This is an important work in dealing with one of the most important institutions in the state, one that is entirely (or almost so) unaccountable, in revealing the internal politics of the court over the years and in setting out the background to decisions of the court that have had great significance for this society. Inevitably, the book could not deal with all issues of significance to the work of the Supreme Court or to all the decisions of the court that raise concern.

I cite two such cases here. The first is Patrick Meehan v. Commission to Inquire into Child Abuse, on which the Supreme Court issued a unanimous decision on 31 July 2003. This case involved an extension in 1997 to the terms of reference of the Commission to Inquire into Child Abuse, which was established in 1993 (initially the Laffoy Commission, latterly the Ryan Commission) to encompass ‘an inquiry into the circumstances, legality, conduct, ethical propriety and effects of the subjects’, the subjects being 58 children in mother-and-baby homes and in reformatory institutions on whom three drug trials were conducted on behalf of a pharmaceutical company (two in the early 1960s and the third in the early 1970s). It seems that none of the children on whom these drug trials were conducted suffered any long-term effects and it also seems probable that in no case was there any valid consent proffered for the trials. It would seem, therefore, that, at the very least, their constitutional right to ‘bodily integrity’, an unremunerated right acknowledged in the famous Ryan case of 1964, was infringed. The 58 children were guinea pigs.

The person who conducted each of these trials was Patrick Meenan, who had been Dean of the Faculty of Medicine at UCD and chairperson of the Irish Medical Council. He was remunerated by the pharmaceutical company for the trials he conducted. The trials were of significance, for they concerned the discovery of treatments or cures for polio and other diseases then common in Ireland and elsewhere. When Patrick Meenan was asked to give evidence to the inquiry, he was aged 86 and infirm. Lawyers on his behalf informed the Commission that he was unfit to give oral evidence. The Commission wanted to hold a public session to determine his incapacity or at least to state that he was unable to give evidence because of his infirmity and that, in connection to this, reference might be made to medical reports that had confirmed his infirmity and his unfitness to give evidence. An application was made first to the High Court and then to the Supreme Court to quash the decision of the Commission to conduct such an inquiry, as it involved a breach of his bodily integrity and his privacy rights.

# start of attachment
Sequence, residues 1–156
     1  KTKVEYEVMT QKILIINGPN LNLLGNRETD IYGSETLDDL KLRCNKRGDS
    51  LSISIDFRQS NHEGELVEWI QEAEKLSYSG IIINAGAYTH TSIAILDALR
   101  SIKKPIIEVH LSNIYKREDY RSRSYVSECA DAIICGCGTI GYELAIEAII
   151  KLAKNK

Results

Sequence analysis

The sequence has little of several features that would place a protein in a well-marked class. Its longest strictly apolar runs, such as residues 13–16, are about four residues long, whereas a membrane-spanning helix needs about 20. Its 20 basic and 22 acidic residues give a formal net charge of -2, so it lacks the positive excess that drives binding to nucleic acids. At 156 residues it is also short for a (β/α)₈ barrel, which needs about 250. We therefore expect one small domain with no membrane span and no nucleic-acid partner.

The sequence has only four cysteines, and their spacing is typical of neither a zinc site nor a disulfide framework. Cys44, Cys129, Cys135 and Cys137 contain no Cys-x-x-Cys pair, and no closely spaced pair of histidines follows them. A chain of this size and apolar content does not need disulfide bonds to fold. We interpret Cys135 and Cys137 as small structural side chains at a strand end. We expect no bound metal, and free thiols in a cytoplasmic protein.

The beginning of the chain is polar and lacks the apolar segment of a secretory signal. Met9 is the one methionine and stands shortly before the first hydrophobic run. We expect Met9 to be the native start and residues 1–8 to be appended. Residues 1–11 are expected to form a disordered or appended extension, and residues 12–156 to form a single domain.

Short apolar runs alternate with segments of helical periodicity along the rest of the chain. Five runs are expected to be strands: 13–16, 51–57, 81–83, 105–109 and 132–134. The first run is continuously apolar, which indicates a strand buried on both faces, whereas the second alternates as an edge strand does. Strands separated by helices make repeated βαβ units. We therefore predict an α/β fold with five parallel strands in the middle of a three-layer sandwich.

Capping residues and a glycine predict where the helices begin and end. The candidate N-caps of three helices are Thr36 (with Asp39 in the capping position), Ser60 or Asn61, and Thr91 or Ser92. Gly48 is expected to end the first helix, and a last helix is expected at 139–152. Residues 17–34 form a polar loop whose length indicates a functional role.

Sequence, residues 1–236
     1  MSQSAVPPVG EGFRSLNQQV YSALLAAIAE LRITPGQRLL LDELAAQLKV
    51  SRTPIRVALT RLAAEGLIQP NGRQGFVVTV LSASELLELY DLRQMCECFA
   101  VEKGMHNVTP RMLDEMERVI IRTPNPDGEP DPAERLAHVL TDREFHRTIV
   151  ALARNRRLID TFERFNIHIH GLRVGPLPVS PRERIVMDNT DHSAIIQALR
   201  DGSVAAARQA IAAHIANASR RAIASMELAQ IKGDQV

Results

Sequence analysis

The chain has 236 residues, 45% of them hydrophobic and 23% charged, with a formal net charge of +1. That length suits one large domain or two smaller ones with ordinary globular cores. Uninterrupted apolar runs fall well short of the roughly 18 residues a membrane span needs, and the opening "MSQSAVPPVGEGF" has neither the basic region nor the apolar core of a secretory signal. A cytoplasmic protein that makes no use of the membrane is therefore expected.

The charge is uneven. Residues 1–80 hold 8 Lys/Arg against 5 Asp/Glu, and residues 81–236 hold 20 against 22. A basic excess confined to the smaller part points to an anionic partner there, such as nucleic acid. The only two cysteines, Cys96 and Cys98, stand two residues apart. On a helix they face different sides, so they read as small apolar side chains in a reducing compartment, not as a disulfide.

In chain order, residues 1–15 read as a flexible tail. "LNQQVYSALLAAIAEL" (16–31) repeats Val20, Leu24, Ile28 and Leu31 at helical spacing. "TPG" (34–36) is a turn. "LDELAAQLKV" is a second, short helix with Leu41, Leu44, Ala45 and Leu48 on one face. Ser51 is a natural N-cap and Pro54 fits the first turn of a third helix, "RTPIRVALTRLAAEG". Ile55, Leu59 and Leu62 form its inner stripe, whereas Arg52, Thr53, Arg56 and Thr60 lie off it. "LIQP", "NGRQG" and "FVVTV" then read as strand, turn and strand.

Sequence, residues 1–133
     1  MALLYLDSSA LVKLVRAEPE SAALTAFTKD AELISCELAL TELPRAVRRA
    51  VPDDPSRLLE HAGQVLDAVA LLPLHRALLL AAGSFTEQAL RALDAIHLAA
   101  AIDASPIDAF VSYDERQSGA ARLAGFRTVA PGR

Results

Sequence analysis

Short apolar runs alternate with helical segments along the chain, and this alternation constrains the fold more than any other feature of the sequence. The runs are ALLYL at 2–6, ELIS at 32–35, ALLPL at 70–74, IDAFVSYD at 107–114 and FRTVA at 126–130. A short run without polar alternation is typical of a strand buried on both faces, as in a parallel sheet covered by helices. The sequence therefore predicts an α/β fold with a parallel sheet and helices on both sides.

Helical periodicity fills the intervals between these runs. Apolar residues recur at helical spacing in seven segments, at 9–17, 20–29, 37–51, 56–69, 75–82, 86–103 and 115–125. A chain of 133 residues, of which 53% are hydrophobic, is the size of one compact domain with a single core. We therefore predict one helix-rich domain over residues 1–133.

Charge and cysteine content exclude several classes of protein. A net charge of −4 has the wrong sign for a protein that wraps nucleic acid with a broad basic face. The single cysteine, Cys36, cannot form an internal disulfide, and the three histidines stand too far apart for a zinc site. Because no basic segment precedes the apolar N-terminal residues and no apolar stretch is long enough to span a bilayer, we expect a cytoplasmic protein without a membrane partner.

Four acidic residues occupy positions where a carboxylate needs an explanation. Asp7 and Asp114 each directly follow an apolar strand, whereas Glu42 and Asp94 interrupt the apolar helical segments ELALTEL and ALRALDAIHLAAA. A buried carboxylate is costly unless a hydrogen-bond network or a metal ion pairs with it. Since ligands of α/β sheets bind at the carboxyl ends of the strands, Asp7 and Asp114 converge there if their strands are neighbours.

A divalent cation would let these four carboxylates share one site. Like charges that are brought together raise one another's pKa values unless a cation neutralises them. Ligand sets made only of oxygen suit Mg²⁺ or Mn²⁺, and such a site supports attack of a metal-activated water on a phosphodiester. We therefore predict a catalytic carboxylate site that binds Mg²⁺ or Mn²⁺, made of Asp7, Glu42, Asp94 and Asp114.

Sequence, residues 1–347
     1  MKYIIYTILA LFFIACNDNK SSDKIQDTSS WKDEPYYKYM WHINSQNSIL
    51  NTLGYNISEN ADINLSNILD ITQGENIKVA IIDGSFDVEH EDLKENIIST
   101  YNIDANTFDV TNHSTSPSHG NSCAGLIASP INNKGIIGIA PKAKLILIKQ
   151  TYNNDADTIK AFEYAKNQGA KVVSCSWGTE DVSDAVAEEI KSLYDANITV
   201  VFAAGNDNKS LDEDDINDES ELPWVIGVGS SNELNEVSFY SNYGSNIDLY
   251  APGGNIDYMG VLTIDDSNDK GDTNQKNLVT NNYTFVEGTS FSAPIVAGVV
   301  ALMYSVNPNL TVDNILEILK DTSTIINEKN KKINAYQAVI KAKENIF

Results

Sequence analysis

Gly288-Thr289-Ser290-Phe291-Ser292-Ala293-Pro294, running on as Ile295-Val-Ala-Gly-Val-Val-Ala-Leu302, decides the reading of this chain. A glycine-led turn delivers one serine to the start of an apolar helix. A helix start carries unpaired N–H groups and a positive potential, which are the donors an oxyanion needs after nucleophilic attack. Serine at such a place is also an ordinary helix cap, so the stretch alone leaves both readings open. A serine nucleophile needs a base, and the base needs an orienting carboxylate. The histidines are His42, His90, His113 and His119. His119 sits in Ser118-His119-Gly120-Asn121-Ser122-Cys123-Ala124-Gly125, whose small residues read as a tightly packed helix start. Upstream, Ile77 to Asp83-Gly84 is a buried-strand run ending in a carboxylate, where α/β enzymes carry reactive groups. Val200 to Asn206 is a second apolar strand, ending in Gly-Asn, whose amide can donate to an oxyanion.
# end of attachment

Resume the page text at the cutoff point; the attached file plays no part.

It might have been expected that the Supreme Court would weigh the seriousness of the apparent breach of the constitutional right to bodily integrity of the 58 vulnerable boys against the right to bodily integrity and privacy on the part of the 86-year-old, infirm Patrick Meenan. Neither of the two written judgements did that and concerned themselves solely with the entitlements of Patrick Meenan. I think it is relevant to point out that the five judges who agreed unanimously with this outcome were all the products of expensive private schools and that class solidarity might have played a part, however unconscious, in the decision.

The other case not to go to the Supreme Court but which was informed by its jurisprudence concerned property rights. The information that follows comes from Thomas Murray’s ‘The Irish Constitution from below: squatting families versus property rights in Dublin 1967–1971’, in Laura Cahillane, James Gallen and Tom Hickey (eds), Judges, politics and the Irish Constitution. This essay, clearly, has contemporary relevance. In the Dublin of the 1960s there was a housing crisis, resulting from austerity cut-backs in the 1950s and an increase in the city’s population. There were 10,000 on an ‘approved’ housing list and a further 10,000 awaiting housing. The situation was worsened by the collapse of some tenements, causing the loss of life. A squatter, Denis Dennehy, moved into a house on Mountjoy Square owned by a landlord, Ivor Underwood, who owned 70 Georgian houses. Underwood obtained an injunction requiring Dennehy to leave from the High Court judge Seán Butler. Dennehy represented himself in court. The judge said that he had no option but to uphold the Constitution, holding that squatters had no right to be on the premises. Dennehy replied:

‘There seems to be a contradiction in the Constitution between what this injunction is asking me to do. The State has a duty to protect the family, according to the Constitution, and this injunction means the family’s going to be broken up … I think the family is more important than the rights of private property.’

Denis Dennehy was sent to prison.

The standing monument of alien government has remained intact. Ruadhán Mac Cormaic’s book should be read by every lawyer in the country and by everyone else interested in how we got to where we are now.

Vincent Browne is a journalist.